As the days progress, the strategy of George Papandreou has become increasingly clear. He does not like the terms forced on him by Eurozone bureaucrats especially French president Nicolas Sarkozy and German Chancellor Angela Merkel.
Not only is he fed up with Eurocrats, he is fed up with Greek protests as well as pressure from political opposition.
I talked about this previously in my post In Praise of Papandreou’s Referendum Decision; Eurocrats Terrified of Democracy; Parade of Cowards
Who the Hell is “Merkozy” to Dictate Terms of a Greek Referendum?
The reaction to Papandreou’s referendum proposal was swift and severe, not only in the markets, but also at the emergency meeting Cannes between Merkel, Sarkozy, and Papandreou.
Sarkozy and Merkel proclaimed the Referendum was about an exit from the Eurozone.
Really? I ask again, Really?
Who the hell is “Merkozy” to dictate terms of a Greek referendum?
That said, I appreciate the fact that Merkozy now accept the simple fact that an exit from the Eurozone is possible.
This is a major step in the right direction, even if it constitutes effective blackmail on Greece.
Blackmail by IMF, Merkozy
The IMF upped the ante saying Greece will not get the next tranche of money until after the referendum. Hmmm. It seems the IMF and EMU should have thought about that before the last release of funds.
By the way, this helps explain the timing of Papandreou’s announcement.
Papandreou’s Timing Perfect
Papandreou cleverly waited until he had the funds and anti-Papandreou sentiment was extreme before announcing his referendum ploy.
What transpired immediately following his announcement was a series of on-off-on referendum announcements culminating with Papandreou convincing his cabinet to go along with the idea (please see Greek Referendum Off or On? Who is in Control? Anyone?)
That was an incredibly gutsy but also exceptionally well-timed move by Papandreou.
Yes or No, But to What?
With the above backdrop, please consider Greece to Decide Euro Membership in December Vote as EU Cuts Aid Payments
European leaders cut off aid payments to Greece and said a referendum in five weeks will determine whether the debt-strapped nation becomes the first to exit the 17-country euro area.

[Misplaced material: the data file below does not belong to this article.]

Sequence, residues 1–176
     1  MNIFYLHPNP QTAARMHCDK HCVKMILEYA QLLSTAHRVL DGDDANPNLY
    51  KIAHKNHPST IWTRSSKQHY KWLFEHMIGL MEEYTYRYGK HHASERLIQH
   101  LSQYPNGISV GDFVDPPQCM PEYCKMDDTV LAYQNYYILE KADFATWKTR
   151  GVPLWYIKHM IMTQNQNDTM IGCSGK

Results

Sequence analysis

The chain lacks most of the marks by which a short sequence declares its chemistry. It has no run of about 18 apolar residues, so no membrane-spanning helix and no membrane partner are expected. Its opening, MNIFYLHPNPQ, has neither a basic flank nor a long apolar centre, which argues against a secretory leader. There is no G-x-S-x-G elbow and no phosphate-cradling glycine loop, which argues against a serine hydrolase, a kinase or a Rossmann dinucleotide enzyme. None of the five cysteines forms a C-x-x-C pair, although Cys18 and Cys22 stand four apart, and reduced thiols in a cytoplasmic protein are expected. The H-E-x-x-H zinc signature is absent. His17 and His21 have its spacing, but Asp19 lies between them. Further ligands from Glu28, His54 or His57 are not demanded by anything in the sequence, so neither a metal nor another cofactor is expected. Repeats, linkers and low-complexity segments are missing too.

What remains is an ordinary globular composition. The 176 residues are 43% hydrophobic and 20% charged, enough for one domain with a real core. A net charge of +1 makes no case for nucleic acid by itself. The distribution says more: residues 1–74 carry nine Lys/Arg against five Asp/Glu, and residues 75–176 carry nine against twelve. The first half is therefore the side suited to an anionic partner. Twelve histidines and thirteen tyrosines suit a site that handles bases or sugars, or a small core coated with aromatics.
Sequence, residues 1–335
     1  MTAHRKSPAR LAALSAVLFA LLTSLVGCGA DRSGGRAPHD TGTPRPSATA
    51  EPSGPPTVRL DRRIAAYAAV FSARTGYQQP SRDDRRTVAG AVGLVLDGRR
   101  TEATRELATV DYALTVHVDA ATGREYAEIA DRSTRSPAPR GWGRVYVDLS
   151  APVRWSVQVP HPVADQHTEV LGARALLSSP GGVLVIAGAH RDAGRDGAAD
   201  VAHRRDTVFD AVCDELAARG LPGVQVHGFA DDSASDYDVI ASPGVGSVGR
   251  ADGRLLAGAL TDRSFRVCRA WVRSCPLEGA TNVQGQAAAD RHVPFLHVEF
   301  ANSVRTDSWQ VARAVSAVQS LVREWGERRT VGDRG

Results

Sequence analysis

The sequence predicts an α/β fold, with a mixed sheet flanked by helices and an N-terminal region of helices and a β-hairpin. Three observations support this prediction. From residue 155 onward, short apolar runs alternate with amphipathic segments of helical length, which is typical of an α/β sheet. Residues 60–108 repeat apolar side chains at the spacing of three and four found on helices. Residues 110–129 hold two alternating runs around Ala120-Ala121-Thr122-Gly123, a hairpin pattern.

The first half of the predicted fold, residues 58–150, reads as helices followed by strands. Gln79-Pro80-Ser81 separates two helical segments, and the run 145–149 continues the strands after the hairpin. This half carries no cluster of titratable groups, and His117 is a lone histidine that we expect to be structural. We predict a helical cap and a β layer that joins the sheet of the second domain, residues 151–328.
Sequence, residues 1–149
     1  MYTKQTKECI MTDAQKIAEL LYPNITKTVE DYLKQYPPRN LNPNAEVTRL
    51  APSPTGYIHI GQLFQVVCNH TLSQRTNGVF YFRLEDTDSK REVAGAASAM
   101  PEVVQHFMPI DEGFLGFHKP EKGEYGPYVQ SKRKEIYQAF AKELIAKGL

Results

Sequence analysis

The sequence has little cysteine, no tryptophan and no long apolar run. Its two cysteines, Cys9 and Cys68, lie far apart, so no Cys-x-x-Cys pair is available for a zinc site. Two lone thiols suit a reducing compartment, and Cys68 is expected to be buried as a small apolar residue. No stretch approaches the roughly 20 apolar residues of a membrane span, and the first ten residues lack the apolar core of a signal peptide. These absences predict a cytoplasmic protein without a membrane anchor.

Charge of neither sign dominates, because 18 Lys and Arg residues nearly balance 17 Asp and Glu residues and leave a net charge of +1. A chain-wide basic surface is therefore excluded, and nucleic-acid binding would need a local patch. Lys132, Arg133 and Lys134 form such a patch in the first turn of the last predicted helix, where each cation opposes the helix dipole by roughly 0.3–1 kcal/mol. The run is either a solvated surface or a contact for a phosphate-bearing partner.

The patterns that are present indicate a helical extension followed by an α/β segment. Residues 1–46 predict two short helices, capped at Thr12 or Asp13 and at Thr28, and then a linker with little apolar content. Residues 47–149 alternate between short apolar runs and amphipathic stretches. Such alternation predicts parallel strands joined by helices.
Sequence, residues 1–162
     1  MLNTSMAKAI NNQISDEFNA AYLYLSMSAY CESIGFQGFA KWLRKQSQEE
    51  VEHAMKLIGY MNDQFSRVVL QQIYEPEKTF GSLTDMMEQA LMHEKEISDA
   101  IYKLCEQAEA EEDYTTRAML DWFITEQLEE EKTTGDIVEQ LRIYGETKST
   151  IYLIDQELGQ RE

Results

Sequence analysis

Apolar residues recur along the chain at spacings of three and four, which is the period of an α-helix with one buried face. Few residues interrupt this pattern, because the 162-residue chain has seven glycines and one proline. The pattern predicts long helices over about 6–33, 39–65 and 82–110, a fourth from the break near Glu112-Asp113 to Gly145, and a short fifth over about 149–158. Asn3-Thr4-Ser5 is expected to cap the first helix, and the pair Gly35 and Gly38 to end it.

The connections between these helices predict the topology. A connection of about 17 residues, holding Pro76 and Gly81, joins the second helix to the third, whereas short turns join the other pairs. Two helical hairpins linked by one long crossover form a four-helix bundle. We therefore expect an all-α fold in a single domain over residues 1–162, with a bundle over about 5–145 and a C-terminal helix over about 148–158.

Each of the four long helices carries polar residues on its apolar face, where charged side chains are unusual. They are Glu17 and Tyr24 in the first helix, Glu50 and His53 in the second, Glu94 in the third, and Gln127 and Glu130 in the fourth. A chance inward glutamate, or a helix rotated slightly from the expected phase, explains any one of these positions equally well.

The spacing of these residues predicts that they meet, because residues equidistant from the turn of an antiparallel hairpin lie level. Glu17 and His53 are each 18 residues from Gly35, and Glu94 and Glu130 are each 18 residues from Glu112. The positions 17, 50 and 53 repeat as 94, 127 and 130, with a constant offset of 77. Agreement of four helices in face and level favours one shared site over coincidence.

Crisis talks ended in the French resort of Cannes late yesterday with German Chancellor Angela Merkel and French President Nicolas Sarkozy withholding 8 billion euros ($11 billion) of assistance and warning Greece it will surrender all European aid if it votes against a bailout package agreed upon only last week.
“The referendum will revolve around nothing less than the question: does Greece want to stay in the euro, yes or no?,” Merkel told reporters. Sarkozy said Prime Minister George Papandreou’s government won’t get a “single cent” of aid if voters reject the plan.
The Greek premier declined to say how the referendum will be worded, saying it “is not the moment” to give the exact language, only that “the question is not just about a program but do we want to be in the eurozone.” More than seven in 10 voters said they favored Greece remaining in the euro, a poll last week of 1,009 people published in To Vima newspaper showed.
“Markets will remain very nervous, but with the hope that this hard stance will get to more clarity on Greece’s situation soon,” Marco Annunziata, chief economist at GE Capital in San Francisco, said by phone. “The EU is casting this as a stark choice on Greece’s part rather than reopening discussions on the bailout package.”
Who Has the Upper Hand?
Quite frankly that Bloomberg headline is nothing but bullsheet until Papandreou relents. But why should he?
Who is it that has the upper hand?
I encourage Papandreou to go “All In”. He has nothing to lose. He will not win the next election and he is tired of playing puppet to Merkozy.
Bear in mind Greece desperately needs reforms. However, the manner in which the IMF, EMU, and Merkozy have forced various issues is in a manner that helps only Greek and French banks, and not Greece at all.
Most Greeks would agree with that assessment, whether it is truer or not. That is the likely reason Papandreou’s cabinet went along with the referendum idea, after initially rejecting it.
In short, this was a brilliant series of perfectly timed maneuvers that shoves the ball smack back into the face of of the arrogant Merkozy coalition.
Stuff the Ball Down Merkozy’s Thoat Until they Puke
Papandreou’s next move should be to stuff the ball down the throats of Merkozy so hard that both of them puke.
All he has to do to accomplish that would be to go ahead and word the referendum how he wants. In short, the referendum needs to include a proposal to stay in the Eurozone, as well as a proposal to reject the terms of the EFSF as presented.
Look at the beauty of this setup from the point of view of Papandreou.
Assuming the proposal to stay in the Eurozone passes but approval of the terms of the EFSF does not, Merkel and Sarkozy will have to do one of two things:
- Kick Greece out of the European Monetary Union
- Renegotiate terms of the EFSF
Either way, Papandreou wins.
Explanation of My Position
Please do not read any more into this than exists. The facts of the matter are French, German, and other European banks made stupid loans to Greece, Portugal, Spain, Ireland, etc.
Banks that make stupid lending decisions (and not taxpayers) should pay the price for those actions.
Greece desperately needs reforms, particularly in the public union area. I support those reforms.
However, I do not support the bailing out of banks. Unfortunately, all this alleged “help” to Greece is nothing more than an obvious attempt to bail out banks at the expense of Greece and European taxpayers in general.
Mike “Mish” Shedlock
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